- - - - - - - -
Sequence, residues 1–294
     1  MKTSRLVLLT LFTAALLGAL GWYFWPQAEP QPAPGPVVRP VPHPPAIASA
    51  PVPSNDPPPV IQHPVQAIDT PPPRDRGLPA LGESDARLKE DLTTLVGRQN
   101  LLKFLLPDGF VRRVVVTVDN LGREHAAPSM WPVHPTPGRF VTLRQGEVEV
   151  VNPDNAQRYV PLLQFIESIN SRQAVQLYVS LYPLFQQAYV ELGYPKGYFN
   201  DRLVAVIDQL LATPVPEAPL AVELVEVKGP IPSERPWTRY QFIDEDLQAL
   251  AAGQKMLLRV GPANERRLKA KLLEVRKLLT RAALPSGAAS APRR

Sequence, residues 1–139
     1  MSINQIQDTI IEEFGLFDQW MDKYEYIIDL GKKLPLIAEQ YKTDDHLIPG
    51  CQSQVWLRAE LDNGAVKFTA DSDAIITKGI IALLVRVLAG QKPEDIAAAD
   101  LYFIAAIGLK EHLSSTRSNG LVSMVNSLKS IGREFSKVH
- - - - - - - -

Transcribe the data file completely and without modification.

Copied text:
Sequence, residues 1–294
     1  MKTSRLVLLT LFTAALLGAL GWYFWPQAEP QPAPGPVVRP VPHPPAIASA
    51  PVPSNDPPPV IQHPVQAIDT PPPRDRGLPA LGESDARLKE DLTTLVGRQN
   101  LLKFLLPDGF VRRVVVTVDN LGREHAAPSM WPVHPTPGRF VTLRQGEVEV
   151  VNPDNAQRYV PLLQFIESIN SRQAVQLYVS LYPLFQQAYV ELGYPKGYFN
   201  DRLVAVIDQL LATPVPEAPL AVELVEVKGP IPSERPWTRY QFIDEDLQAL
   251  AAGQKMLLRV GPANERRLKA KLLEVRKLLT RAALPSGAAS APRR

Sequence, residues 1–139
     1  MSINQIQDTI IEEFGLFDQW MDKYEYIIDL GKKLPLIAEQ YKTDDHLIPG
    51  CQSQVWLRAE LDNGAVKFTA DSDAIITKGI IALLVRVLAG QKPEDIAAAD
   101  LYFIAAIGLK EHLSSTRSNG LVSMVNSLKS IGREFSKVH